Of course, as discussed above, we must look more broadly than to the facts of this case. As a general matter, however, we think that hypothesizing the existence of other employees who possess relevant information and are willing to come forward is far too fragile a basis for enforcing the Release. There is, of course, no guarantee that such persons exist. Moreover, under Northrop's logic, it presumably would be permissible for Northrop to enter into similar release agreements with other employees as long as Northrop stops short of demanding a release from all of its employees as a matter of course. If we were to routinely uphold prefiling releases, however, it is unclear how the government or the courts could ensure that potential relators remain.
Appellees additionally maintain that, even if the release in this case removes the very incentives that the qui tam provisions of the FCA seek to foster, this result will not impair a substantial public interest. They argue that the public interest is not impaired because a Release entered into in the period prior to the filing of a claim, unlike a postfiling settlement, cannot foreclose the government from bringing suit. Even assuming that a postfiling settlement precludes a subsequent action by the government, we think this argument misses the point for exactly the same reason that Appellees' missed the point with their argument that a settlement would not prevent relators from coming forward with the relevant information. As we emphasized above, the very purpose of the Act's qui tam provisions is to create incentives for relators to supplement government enforcement. Although, once a suit is filed, the concern with ensuring that the government receives an appropriate share of the recovery is an important consideration, see Killingsworth, 25 F.3d at 723-25, such was not Congress's sole concern. The Act, as discussed above, is premised on the view that combatting government fraud requires incentives for those with relevant information of fraud to come forward. Preservation of the incentive effect in the prefiling period, therefore, clearly is a concern infused with the public interest. See Kelly, 9 F.3d at 760 (“[T]he public's interest in successfully enforcing the FCA and the relator's private interest are intertwined․”).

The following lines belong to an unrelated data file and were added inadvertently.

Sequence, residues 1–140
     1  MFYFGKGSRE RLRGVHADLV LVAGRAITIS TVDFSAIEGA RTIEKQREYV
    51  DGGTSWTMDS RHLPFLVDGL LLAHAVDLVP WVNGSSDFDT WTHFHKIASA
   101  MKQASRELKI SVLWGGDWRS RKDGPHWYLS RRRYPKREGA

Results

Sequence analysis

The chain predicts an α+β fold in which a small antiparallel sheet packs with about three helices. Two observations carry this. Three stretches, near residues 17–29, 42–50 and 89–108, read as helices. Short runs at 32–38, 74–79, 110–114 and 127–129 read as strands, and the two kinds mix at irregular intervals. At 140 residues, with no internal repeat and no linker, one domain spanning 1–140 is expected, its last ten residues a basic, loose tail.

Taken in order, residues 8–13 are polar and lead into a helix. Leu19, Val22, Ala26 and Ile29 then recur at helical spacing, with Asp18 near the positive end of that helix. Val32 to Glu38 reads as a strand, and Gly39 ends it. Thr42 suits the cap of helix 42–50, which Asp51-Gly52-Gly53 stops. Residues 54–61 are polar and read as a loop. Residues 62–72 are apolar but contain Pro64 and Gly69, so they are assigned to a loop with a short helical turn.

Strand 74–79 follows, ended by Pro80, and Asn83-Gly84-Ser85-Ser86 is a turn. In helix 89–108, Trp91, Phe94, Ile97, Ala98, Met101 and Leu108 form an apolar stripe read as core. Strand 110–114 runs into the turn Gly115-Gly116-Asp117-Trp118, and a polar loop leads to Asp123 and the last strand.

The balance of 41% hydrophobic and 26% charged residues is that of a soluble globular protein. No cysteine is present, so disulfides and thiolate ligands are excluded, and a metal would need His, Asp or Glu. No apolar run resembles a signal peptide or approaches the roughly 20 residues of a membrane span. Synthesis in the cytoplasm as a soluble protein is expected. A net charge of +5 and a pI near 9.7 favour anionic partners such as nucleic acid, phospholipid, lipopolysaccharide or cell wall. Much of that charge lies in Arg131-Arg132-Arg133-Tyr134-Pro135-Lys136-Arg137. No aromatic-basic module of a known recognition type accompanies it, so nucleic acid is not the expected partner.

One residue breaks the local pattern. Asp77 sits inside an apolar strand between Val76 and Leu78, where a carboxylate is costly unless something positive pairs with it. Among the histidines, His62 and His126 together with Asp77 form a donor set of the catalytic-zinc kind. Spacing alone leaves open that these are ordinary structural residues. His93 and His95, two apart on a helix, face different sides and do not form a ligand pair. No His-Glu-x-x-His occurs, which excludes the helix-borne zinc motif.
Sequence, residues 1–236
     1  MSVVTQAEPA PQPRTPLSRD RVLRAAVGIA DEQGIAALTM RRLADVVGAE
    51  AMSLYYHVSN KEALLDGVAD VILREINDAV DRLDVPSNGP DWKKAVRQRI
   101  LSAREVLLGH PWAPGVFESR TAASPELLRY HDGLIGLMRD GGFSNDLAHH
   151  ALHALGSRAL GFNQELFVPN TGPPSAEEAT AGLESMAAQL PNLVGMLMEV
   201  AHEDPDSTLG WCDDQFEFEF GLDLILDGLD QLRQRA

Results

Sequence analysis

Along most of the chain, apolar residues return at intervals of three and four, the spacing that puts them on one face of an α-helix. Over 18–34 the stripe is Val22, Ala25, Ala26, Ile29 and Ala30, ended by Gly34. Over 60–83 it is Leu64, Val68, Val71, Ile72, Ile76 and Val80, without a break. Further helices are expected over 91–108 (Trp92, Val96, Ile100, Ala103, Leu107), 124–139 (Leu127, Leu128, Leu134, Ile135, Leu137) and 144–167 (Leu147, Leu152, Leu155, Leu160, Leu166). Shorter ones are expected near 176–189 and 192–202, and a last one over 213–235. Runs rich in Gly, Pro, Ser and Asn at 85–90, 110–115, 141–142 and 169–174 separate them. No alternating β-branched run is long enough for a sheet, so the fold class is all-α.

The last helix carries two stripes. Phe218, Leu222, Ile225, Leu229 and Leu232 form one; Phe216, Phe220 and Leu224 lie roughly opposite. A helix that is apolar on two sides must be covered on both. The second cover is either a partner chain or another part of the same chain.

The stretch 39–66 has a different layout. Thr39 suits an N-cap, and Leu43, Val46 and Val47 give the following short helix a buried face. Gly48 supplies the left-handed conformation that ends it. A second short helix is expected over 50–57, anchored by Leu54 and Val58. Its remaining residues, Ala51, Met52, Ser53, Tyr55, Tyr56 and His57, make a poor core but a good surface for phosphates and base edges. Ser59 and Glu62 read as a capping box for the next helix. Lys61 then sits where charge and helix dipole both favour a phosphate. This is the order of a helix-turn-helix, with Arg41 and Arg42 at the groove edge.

Appellees next maintain that, even if the “public interest” is impacted by diluting incentives, this effect is not “substantial.” They rely on Rumery, in which a plurality of the Court, noting that the plaintiff there “had no public duty to institute a § 1983 action merely to further the public's interest in revealing police misconduct,” characterized the public interest at issue as “diffuse[ ]” and refused to “elevate” it “above Rumery's considered decision that he would benefit personally from the [release].” Rumery, 480 U.S. at 395, 107 S.Ct. at 1193.